Dictionary of National Biography, 1885-1900/Johns, William

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JOHNS, WILLIAM (1771–1845), unitarian minister and author, born in 1771 in the parish of Kilmanllwyd in Pembrokeshire, assisted his father in farm-work until he was sixteen, but acquired a fair knowledge of Latin and began the study of Greek at the village school. At the age of sixteen he placed himself as sub-tutor under Dr. Williams at Oswestry, and a year later was admitted as a student in the dissenting college at Northampton. The liberal opinions of the principal, Mr. Horsey, led Johns, who had been brought up a strict Calvinist, to adopt unitarian views. He left Northampton after the usual term of study to be minister of the presbyterian congregation at Gloucester; removed in the year following to Totnes in Devonshire, where he married; and afterwards became classical tutor in Manchester New College. In 1800 he resigned his appointment, and after spending a few months as master of a small free school at Wrexham, became minister of the presbyterian (unitarian) church at Nantwich in Cheshire, where he also opened a private school, and proved himself a very able teacher. In 1804 he removed his school to Faulkner Street, Manchester, where he conducted it with notable success for nearly thirty years. In the autumn of 1804 John Dalton (1766–1844) [q. v.], then professor of mathematics and natural philosophy at Manchester New College, came to live with his family, and remained with them till 1830. Johns was elected a member of the Manchester Literary and Philosophical Society, and for many years was joint secretary with Dalton, and later on was vice-president of the society. The numerous papers he read before the society show wide and accurate knowledge both of literary and scientific subjects. While at Manchester he also preached to the small congregation at Partington in Cheshire, and afterwards accepted the ministry of the congregation of Cross Street (now called Sale), another Cheshire village, five miles from Manchester, which he held till shortly before his death. He died at Eaglesfield House, Higher Broughton, on 27 Nov. 1845. He wrote: 1. ‘Etymological Exercises on the Latin Grammar,’ 1805, 18mo. 2. ‘A Tract addressed to the Spirit of the Age,’ 1812. 3. ‘Remarks on the Use and Origin of Figurative Language’ (from the ‘Memoirs’ of the Manchester Literary and Philosophical Soc.), 1812. 4. ‘Four Dialogues … relating chiefly to Mystery and the Trinity, Original Sin,’ &c., 1813, published under the anagrammatic name of ‘William Hison.’ 5. ‘The Importance of the Scriptures,’ &c., 1813, 8vo. 6. ‘Practical Botany,’ 1826, 8vo. 7. ‘The Spirit of the Serampore System,’ 1828, 8vo. 8. ‘An Essay on the Origin of Greek Verbs,’ 1833, 12mo. 9. ‘An Essay on the Interpretation of the Proem to John's Gospel,’ 1836, 8vo. He edited in conjunction with J. R. Beard the ‘Christian Teacher’ from 1832 to 1843, and contributed many papers to the ‘Monthly Repository’ and its successor, the ‘Christian Reformer.’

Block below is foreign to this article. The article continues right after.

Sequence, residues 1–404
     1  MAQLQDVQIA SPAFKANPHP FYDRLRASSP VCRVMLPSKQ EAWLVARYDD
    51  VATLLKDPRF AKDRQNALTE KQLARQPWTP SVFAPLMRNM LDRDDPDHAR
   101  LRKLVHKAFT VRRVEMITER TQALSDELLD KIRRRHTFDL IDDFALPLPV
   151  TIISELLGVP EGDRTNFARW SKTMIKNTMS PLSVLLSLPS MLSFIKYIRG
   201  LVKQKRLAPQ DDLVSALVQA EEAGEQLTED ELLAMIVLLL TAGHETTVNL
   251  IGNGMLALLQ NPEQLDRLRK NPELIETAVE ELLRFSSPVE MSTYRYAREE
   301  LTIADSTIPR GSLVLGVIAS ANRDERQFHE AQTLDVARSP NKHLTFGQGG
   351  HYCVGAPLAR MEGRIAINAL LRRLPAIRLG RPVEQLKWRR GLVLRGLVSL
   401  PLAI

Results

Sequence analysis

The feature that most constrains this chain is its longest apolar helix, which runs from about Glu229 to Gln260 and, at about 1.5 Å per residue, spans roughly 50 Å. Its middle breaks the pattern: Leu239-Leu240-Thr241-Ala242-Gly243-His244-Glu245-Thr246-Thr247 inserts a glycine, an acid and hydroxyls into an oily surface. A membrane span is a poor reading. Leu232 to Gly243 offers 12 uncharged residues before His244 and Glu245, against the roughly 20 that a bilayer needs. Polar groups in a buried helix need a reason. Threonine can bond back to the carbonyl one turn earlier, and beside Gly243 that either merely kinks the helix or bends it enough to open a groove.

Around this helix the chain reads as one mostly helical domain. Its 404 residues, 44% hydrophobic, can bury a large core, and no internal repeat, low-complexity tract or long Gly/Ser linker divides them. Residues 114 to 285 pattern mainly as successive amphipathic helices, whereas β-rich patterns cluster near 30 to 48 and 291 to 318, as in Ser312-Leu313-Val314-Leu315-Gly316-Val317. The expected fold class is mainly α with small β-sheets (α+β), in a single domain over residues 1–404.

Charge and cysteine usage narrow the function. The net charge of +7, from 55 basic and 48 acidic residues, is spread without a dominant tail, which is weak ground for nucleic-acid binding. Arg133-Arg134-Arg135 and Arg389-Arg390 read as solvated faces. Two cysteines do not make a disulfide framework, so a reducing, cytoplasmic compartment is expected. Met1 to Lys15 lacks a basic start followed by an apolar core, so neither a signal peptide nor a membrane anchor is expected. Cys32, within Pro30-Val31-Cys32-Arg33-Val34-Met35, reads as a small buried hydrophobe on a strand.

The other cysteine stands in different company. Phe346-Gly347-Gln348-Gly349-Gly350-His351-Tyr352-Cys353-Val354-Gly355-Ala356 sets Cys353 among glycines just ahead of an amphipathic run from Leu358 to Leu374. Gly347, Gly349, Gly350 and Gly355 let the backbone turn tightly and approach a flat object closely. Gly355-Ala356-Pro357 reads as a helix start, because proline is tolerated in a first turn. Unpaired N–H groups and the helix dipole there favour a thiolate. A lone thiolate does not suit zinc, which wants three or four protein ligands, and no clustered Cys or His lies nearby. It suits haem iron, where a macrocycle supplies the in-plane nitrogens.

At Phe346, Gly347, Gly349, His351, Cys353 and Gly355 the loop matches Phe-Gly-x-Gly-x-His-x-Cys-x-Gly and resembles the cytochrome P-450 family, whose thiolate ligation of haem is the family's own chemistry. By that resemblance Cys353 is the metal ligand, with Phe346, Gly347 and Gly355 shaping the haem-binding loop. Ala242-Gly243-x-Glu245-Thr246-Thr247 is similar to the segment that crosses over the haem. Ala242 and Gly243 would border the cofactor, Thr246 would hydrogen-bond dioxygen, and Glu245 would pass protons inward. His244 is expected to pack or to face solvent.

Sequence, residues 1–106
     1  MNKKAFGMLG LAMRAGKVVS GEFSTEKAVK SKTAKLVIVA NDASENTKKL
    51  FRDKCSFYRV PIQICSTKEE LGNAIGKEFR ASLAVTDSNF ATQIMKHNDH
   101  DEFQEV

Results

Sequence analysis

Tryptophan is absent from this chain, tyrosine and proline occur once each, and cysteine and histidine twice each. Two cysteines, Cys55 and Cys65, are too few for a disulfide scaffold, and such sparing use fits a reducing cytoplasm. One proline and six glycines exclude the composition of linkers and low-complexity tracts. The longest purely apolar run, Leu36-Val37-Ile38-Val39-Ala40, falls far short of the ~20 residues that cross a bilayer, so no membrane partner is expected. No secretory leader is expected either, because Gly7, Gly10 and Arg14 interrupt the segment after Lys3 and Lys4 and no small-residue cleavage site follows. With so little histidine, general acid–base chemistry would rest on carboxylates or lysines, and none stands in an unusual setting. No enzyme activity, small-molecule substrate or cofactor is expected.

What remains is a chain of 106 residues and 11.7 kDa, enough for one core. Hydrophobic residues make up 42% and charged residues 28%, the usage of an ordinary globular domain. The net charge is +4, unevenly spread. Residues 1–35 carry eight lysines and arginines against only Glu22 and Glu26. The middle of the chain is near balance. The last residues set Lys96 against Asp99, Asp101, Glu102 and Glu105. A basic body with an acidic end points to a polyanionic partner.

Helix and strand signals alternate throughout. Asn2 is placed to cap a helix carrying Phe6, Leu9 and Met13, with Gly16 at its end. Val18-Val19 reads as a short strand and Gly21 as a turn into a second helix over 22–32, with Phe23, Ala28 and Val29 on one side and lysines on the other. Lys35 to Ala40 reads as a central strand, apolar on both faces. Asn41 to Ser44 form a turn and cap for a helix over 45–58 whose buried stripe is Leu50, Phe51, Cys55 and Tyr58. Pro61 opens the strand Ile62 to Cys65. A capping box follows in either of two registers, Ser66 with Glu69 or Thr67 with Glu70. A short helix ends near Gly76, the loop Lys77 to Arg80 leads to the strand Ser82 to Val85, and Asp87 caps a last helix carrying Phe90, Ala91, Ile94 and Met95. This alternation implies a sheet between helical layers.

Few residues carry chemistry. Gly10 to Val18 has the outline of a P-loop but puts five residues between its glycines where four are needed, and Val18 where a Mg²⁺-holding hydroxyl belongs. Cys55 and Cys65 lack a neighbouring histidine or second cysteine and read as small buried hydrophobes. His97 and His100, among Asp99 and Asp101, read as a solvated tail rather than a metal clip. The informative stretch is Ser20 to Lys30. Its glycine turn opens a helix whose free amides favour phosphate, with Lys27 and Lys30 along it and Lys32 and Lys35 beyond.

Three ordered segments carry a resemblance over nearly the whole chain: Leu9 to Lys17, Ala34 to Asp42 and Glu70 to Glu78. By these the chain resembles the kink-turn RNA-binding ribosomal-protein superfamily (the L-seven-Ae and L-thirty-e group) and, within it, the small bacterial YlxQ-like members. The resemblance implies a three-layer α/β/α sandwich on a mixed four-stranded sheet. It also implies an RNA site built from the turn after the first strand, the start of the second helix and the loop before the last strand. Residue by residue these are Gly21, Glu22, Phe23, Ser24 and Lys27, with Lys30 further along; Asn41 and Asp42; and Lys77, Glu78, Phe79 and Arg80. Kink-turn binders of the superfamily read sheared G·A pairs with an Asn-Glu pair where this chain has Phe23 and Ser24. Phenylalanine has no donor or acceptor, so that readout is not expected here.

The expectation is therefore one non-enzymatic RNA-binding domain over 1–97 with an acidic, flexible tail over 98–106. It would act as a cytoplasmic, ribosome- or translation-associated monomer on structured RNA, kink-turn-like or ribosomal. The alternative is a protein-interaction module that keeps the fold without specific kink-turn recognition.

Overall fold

[Christian Reformer, 1846; Brit. Mus. and Manchester Free Library Catalogues.]

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